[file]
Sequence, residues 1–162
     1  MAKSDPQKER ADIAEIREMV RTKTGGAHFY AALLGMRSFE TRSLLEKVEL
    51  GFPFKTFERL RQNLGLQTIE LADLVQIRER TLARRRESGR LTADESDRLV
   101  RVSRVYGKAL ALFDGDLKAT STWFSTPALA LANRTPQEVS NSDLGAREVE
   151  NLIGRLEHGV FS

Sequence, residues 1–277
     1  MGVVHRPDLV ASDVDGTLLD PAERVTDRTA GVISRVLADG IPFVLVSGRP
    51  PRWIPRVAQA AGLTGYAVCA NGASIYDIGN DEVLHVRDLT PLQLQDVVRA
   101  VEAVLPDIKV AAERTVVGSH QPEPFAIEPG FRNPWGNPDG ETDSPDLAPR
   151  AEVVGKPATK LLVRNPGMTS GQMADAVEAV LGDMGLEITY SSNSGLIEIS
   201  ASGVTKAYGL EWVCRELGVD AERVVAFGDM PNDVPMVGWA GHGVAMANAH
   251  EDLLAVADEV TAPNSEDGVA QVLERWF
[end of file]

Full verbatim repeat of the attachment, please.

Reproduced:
Sequence, residues 1–162
     1  MAKSDPQKER ADIAEIREMV RTKTGGAHFY AALLGMRSFE TRSLLEKVEL
    51  GFPFKTFERL RQNLGLQTIE LADLVQIRER TLARRRESGR LTADESDRLV
   101  RVSRVYGKAL ALFDGDLKAT STWFSTPALA LANRTPQEVS NSDLGAREVE
   151  NLIGRLEHGV FS

Sequence, residues 1–277
     1  MGVVHRPDLV ASDVDGTLLD PAERVTDRTA GVISRVLADG IPFVLVSGRP
    51  PRWIPRVAQA AGLTGYAVCA NGASIYDIGN DEVLHVRDLT PLQLQDVVRA
   101  VEAVLPDIKV AAERTVVGSH QPEPFAIEPG FRNPWGNPDG ETDSPDLAPR
   151  AEVVGKPATK LLVRNPGMTS GQMADAVEAV LGDMGLEITY SSNSGLIEIS
   201  ASGVTKAYGL EWVCRELGVD AERVVAFGDM PNDVPMVGWA GHGVAMANAH
   251  EDLLAVADEV TAPNSEDGVA QVLERWF